What that is, is you write this massive timeline. By write, I mean you just think about it. None of it's on paper. But I know Mike and Joel's characters as kids. I know what their characters were doing. I know what Kirsten is doing in high school. I know when the boy was born and what that night looked like. I know the first time Sam Shepard came by to tell them that he was taking their son as his own.

You have all of this story built. The characters behave a certain way at certain times in that story because they know different things. So when that child was first born, the parents were asking questions that, as an audience, we're asking at the beginning of the movie. But they're not asking those questions anymore. They asked those questions eight years ago when that boy was born.

So what I'm trying to do is build this massive timeline and then take a very clean cutout from the middle of it. I'm trying, as a writer, to be really honest about what I've just taken out and not overly try to fold in all this back stuff. Like, try and say, "No, if I really just was to cut out this section of time and present it to people, this is how people would behave in those scenes. This is what they would talk about. They wouldn't say this, this, that, or that because that's how it is."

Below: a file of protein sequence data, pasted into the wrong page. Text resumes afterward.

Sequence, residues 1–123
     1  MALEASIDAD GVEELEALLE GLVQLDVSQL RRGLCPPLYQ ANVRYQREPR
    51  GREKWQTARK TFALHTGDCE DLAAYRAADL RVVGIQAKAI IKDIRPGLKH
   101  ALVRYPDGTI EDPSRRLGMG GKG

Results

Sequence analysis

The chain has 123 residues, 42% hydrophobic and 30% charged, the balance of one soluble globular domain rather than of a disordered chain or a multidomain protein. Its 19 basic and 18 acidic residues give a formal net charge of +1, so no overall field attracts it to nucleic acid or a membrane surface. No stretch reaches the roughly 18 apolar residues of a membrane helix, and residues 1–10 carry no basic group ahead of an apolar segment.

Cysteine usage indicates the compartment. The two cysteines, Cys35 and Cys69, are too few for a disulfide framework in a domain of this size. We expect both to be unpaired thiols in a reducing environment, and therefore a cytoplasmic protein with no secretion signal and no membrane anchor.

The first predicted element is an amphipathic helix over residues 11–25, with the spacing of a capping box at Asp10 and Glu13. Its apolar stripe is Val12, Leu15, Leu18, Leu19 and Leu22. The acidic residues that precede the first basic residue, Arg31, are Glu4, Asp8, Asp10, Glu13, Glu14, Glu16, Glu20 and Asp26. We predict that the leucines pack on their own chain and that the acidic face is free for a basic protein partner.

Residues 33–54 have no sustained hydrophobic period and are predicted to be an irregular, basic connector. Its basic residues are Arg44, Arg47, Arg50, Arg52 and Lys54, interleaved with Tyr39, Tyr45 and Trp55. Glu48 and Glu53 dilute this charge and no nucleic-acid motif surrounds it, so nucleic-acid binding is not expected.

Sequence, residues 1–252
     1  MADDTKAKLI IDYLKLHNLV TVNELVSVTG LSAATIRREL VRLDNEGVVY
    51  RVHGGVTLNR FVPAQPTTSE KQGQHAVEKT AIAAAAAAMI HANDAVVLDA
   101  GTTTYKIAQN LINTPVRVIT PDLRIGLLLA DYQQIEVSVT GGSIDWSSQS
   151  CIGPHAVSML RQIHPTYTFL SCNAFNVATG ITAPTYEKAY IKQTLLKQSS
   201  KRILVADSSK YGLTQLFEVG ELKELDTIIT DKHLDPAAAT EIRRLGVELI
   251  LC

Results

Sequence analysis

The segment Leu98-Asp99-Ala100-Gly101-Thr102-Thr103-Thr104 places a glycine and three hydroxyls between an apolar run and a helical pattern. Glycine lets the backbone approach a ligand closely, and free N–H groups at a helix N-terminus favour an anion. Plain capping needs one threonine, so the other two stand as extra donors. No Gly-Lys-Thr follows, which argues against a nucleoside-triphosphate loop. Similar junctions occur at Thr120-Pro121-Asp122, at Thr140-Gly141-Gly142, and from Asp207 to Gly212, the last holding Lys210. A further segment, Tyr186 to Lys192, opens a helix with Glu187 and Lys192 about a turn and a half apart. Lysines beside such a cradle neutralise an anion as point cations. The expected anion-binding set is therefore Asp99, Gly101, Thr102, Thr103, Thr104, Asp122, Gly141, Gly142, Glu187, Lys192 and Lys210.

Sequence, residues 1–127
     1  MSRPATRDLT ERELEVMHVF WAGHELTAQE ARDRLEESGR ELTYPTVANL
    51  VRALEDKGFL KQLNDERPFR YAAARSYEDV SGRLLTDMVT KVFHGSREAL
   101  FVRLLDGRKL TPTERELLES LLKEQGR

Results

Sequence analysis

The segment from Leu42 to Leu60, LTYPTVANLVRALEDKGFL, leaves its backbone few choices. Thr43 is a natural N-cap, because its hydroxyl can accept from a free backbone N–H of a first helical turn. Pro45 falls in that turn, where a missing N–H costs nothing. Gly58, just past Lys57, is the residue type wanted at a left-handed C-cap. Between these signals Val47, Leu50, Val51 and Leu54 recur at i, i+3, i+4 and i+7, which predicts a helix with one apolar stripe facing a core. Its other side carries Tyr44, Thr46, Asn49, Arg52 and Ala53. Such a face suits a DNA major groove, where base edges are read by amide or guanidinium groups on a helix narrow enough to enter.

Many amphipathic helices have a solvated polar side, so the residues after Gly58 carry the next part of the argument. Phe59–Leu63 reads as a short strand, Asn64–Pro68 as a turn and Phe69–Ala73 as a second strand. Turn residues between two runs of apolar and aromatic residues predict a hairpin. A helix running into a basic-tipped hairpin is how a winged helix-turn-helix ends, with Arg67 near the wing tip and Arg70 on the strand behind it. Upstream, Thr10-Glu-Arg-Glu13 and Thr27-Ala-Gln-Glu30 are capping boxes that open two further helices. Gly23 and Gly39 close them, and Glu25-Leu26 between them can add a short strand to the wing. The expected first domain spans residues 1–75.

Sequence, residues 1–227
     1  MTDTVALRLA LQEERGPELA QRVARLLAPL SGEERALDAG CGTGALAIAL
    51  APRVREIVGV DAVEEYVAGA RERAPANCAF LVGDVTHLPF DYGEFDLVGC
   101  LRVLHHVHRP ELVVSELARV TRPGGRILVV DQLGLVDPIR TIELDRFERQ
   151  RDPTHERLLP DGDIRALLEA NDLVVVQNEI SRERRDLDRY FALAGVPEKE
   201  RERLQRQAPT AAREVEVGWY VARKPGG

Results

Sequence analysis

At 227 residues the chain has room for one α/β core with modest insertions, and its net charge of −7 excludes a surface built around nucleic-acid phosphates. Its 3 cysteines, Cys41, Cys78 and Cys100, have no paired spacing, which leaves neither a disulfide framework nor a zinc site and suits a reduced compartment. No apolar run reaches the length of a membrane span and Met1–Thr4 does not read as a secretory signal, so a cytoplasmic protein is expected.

Now, obviously you are going to have to help out along the way a little bit. But my answer for that was this cross-cutting action, to go back to Adam Driver's character, to go back to the ranch. And you start to get other little pieces of information from those places that you wouldn't get from Joel's character, or Mike's character, or Kirsten's character.

It was kind of this writerly approach of how to remove this piece of the puzzle and just show you the piece. I had faith in the audience's ability to make those connections. I think we're so advanced when it comes to watching narrative material. I mean it's all we do is consume content all day long. So when a character walks onscreen, you immediately start making connections for that character: Is that a good guy? Is that a bad guy? Is that person sleeping with that person? We just start asking those questions immediately. I just don't think people need very much.